Of the 300 passengers seeking salvation aboard a smuggler’s dinghy, at least forty-two perished, and director Amel Alzakout thought she would be one of them. She expected to die.
Mercifully, most of us will never experience what Purple Sea documents. We will never find ourselves at the mercy of the ocean, attempting to forge a better life for ourselves and our children. This was the journey filmmaker Amel Alzakout experienced, all captured from her camera which continued to record the unfolding events, the hours at sea, and the eventual rescue after a smuggler’s boat began to sink as it was transporting people into Europe.
Holding the audience’s gaze against what they never want to see, Alzakout’s film may condense the experiences of hours at sea into a short feature film, but it trims none of the agony, despair, and eventual hope. No horror or thriller will emulate the muffled cries of children above the waterline, and no drama will capture the unadulterated story of endurance. From the outset, audiences will be questioning if this devastating footage constitutes the entirety of the film: a handheld camera pointing into the murky depths of the Mediterranean Sea as legs flail frantically screaming for help – the answer is yes.
In our desperate search to source meaning and patterns, Purple Sea at first perplexes somewhat as we attempt to form a narrative. It’s what we do: we try to locate a story, but this isn’t a story – this is survival. But this doesn’t stop an attempt at placing ourselves in the scenario. It doesn’t stop us recognising clothing brands or trying to piece together an idea of what is going on. At one point a lush, forest-covered landscape is momentarily seen as the camera bobs back up for air. Rescue? Hope? It’s astounding the investment and emotion Purple Sea instils given its candid nature. This wasn’t meant to happen, but thankfully, it was captured.
As distressing as the visuals are, the muffled audio recordings the camera captures further the reality of the film and push the audience into discomfort. The decision not to enhance the audio or cut the children’s cries and muffles is precisely the correct one made by Alzakout and co-director Khaled Abdulwahed. Almost entirely beneath the currents, occasionally the camera bobs above the surface, breaking for air as the muffled screams grow louder and more harrowing. The audience too catches their breath in synchronisation with the camera, before plunging back into the endless, eerily calm waters.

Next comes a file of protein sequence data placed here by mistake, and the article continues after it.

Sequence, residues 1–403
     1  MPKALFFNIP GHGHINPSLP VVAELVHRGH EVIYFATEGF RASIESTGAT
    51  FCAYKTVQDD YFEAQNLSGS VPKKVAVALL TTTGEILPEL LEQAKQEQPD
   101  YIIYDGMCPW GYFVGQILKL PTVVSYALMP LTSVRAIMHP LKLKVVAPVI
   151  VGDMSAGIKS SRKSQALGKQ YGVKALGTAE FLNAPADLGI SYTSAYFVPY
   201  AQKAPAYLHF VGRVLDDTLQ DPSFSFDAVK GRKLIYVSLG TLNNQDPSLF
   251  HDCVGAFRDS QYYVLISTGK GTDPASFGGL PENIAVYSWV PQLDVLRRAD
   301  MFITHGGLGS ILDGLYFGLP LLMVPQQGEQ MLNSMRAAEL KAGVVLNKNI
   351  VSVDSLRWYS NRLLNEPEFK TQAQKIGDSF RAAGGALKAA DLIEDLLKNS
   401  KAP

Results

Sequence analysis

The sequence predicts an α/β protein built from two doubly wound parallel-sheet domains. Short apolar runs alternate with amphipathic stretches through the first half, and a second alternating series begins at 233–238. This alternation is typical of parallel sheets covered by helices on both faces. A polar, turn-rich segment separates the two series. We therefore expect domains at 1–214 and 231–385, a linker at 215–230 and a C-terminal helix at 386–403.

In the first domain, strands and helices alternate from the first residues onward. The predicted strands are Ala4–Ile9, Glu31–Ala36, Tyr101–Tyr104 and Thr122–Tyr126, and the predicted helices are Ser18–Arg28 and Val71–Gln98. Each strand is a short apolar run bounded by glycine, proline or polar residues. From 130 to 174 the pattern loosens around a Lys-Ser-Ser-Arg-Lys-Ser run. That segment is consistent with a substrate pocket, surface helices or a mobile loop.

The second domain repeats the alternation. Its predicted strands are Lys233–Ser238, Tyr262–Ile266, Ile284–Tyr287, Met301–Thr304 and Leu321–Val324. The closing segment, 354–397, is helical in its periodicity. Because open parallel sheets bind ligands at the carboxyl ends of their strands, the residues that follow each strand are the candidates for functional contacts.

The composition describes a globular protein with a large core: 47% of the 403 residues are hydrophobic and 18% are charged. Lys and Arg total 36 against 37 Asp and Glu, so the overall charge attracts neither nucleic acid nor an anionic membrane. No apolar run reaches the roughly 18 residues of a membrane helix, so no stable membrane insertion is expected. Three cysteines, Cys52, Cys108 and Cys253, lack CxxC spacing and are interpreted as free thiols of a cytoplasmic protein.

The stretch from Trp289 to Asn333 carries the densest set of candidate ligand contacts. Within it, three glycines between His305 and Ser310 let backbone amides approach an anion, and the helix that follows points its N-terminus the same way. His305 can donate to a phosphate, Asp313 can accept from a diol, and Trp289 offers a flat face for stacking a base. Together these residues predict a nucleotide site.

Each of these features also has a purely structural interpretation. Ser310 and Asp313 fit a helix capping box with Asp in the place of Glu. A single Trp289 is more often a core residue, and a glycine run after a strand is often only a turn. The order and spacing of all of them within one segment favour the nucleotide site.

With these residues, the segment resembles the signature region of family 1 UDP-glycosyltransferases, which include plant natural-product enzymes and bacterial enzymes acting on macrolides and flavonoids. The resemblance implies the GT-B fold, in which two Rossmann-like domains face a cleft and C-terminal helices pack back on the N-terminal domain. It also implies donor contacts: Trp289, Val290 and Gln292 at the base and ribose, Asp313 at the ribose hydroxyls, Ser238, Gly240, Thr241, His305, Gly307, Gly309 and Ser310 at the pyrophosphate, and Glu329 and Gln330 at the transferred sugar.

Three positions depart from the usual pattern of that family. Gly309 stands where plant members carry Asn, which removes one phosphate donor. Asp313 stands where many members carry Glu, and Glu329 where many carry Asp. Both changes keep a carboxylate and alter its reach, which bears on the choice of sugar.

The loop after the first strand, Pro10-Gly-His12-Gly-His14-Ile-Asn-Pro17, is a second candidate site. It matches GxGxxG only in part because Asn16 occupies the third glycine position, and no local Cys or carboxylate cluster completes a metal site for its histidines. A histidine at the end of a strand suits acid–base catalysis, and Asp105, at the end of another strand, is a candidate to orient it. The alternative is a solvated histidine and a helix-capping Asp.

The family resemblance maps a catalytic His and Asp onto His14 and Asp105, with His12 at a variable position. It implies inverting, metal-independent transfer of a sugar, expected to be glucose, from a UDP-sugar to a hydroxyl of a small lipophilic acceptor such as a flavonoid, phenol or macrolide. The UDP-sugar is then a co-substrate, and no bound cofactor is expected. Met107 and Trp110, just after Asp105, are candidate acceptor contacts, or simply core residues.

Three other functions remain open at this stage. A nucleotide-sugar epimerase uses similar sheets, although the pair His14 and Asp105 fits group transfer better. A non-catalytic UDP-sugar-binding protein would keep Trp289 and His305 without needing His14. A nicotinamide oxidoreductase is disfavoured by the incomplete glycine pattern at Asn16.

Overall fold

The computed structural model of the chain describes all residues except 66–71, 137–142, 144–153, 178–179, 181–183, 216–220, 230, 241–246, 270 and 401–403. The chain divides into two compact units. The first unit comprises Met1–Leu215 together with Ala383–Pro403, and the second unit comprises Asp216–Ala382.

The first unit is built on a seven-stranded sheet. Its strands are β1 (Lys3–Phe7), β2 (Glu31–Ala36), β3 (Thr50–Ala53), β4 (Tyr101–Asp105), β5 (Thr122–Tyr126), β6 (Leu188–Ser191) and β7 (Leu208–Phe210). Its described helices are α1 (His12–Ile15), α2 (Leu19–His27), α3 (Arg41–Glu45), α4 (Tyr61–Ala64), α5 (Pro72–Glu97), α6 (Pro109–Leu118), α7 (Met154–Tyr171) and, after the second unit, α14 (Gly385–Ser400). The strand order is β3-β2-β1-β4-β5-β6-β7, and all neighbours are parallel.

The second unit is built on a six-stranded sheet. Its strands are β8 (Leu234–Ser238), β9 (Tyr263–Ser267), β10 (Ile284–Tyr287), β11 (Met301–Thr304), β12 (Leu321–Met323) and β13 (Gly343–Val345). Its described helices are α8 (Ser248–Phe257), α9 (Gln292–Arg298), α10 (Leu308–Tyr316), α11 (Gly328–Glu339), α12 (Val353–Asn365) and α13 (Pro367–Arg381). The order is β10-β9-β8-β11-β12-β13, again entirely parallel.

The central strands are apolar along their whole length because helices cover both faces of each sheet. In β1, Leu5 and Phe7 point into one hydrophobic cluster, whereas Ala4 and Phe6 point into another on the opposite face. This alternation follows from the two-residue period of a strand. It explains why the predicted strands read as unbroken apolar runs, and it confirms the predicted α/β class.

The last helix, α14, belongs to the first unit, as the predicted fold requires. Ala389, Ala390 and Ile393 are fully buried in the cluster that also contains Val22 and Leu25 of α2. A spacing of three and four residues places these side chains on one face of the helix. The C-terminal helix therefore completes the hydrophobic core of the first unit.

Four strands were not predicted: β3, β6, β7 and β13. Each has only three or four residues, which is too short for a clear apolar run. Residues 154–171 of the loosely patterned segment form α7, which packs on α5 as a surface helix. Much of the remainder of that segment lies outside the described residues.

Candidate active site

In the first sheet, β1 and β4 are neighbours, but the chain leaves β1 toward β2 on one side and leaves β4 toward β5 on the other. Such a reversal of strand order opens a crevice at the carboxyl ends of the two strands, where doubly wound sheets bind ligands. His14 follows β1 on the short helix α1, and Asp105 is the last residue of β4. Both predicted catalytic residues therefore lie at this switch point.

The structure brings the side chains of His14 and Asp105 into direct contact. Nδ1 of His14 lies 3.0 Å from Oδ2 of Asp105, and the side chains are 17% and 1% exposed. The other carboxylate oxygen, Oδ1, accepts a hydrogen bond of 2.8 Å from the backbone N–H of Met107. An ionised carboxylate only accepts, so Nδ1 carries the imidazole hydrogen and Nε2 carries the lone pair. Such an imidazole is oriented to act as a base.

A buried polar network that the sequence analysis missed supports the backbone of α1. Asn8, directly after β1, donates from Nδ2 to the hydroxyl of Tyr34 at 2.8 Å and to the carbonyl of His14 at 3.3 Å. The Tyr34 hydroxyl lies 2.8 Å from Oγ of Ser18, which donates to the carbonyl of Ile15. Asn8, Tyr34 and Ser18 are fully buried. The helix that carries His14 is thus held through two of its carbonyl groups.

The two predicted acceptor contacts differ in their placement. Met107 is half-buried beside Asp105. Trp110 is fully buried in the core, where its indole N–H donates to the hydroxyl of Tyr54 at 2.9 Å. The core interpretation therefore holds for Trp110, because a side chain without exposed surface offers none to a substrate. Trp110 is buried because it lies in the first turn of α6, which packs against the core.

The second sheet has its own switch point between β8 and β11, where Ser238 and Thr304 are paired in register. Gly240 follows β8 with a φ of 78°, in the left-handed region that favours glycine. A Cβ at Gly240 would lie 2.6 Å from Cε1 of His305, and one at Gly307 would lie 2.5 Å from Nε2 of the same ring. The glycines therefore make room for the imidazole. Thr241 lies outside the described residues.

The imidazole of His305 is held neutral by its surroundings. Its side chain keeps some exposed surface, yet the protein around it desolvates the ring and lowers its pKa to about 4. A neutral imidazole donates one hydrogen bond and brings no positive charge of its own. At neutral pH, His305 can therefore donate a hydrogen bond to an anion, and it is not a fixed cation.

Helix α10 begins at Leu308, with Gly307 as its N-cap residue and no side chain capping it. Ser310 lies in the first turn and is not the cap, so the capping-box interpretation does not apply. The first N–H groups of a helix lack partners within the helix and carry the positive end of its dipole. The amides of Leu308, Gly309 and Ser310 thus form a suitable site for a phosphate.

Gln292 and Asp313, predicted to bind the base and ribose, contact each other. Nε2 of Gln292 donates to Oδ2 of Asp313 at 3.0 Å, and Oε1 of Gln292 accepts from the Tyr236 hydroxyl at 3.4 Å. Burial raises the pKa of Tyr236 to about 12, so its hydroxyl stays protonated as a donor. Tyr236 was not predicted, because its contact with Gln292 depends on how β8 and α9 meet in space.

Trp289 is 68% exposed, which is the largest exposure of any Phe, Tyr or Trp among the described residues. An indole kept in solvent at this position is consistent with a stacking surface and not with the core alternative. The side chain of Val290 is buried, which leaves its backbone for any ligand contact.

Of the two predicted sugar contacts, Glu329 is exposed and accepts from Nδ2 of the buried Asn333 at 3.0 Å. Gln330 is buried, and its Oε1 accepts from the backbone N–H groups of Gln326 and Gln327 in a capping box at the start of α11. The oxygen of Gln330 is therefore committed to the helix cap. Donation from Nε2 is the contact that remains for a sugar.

Logistically, Purple Sea is a mess. And it cannot exist in any other form. There are limbs, bubbles, cries and muffles all over, with few cuts and edits, and as for framing? Non-existent. Alzakout and Abdulwahed haven’t created this to be footage tight and cinematic. Purple Sea exists as a warning, a rallying cry, as raw documentation and an account of the desperations people are undertaking – placing their lives in the hands of smugglers who have their own ships to bring them to safety, leaving behind the souls trying to start a new life. There’s a brief moment towards the end where a helicopter is spotted. Hope. But with it, perversion. A red light, a camera glaring back at Alzakout’s own. The news? YouTube? Regardless, their footage will differ from this and likely come with a different narrative of immigrants, migrants and foreigners.
Purple Sea evolves from nightmare to immersive cinema, a personal approach encompassing everything and nothing. In truth, nothing happens except survival. Yet, as the most primitive emotions are captured, survival makes this everything. Alzakout’s narration spears the heart and latches that lump in our throats. Purple Sea is as close as a documentary can come to a direct account of events, and though this will not speak to everyone, and undoubtedly some won’t stomach the film, there is a necessity in its existence.
Screening as part of Document Film Festival 2021